In an interview last week, Fletcher says he’s ready to work with the new members but is still bothered by tactics some of his opponents used on Election Day.

“I represent change and something different than what the Democratic party in Ward 5 is used to, and no one can control me,” he says. “The only people that can control me, and who I’m going to answer to, are my wife and the people.”

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Fletcher says Carmichael, who challenged him for chair of the organization, called him a racist over a megaphone as residents arrived to vote on June 26. He also says that longtime Ward 5 resident and occasional Council candidate Frank Wilds told voters that Republicans were running on Fletcher’s slate. Fletcher assumes Wilds was referring to Sullivan and Lucio, who are White. 

Carmichael, who was a delegate for Joe Biden at the Democratic National Convention, says she is helping her parents recover from some medical issues and was unavailable to talk before LL’s deadline.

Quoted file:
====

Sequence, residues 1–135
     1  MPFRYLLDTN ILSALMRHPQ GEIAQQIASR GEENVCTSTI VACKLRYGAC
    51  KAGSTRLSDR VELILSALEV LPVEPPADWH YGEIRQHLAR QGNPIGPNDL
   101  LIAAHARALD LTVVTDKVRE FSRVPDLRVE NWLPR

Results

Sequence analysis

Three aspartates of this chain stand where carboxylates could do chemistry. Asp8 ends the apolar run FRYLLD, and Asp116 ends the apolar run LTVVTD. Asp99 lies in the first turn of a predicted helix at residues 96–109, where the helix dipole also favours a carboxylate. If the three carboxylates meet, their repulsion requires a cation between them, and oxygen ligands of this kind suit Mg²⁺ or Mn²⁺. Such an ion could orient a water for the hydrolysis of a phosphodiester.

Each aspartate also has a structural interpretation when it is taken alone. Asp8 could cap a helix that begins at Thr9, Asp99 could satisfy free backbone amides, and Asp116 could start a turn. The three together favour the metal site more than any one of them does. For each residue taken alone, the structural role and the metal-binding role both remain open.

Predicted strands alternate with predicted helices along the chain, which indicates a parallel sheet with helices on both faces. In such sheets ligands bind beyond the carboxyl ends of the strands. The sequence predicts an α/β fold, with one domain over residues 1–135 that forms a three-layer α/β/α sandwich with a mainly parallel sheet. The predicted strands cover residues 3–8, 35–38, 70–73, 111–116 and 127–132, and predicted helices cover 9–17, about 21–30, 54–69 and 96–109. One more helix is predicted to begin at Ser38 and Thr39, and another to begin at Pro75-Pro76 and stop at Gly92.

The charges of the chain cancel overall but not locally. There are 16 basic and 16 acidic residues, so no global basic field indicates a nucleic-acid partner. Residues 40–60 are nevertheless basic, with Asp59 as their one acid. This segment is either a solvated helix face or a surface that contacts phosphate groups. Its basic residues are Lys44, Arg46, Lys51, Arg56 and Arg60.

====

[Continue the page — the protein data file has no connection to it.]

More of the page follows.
Wilds acknowledges that he told voters Fletcher’s slate included Republicans despite not knowing their party registration. He says he never called anyone out by name. (Candidates must be registered Democrats to run and are verified as part of the campaign process.)

“If you got thin skin, stay away from politics,” Wilds tells LL. “Politics are not for thin skinned people.” Wilds says he and Fletcher have butted heads since Fletcher tried to run for chair of ANC 5A as a first-term commissioner.

“He was only elected in November [2016] and wanted to be the chair in his first year,” Wilds says. “And it don’t go that way. We’ve had a rocky relationship since then.”

Lucio and Sullivan were disheartened by Wilds’ comments. Fletcher suggests the comments stem from a resistance to the changing demographics in the ward among some he considers the old guard.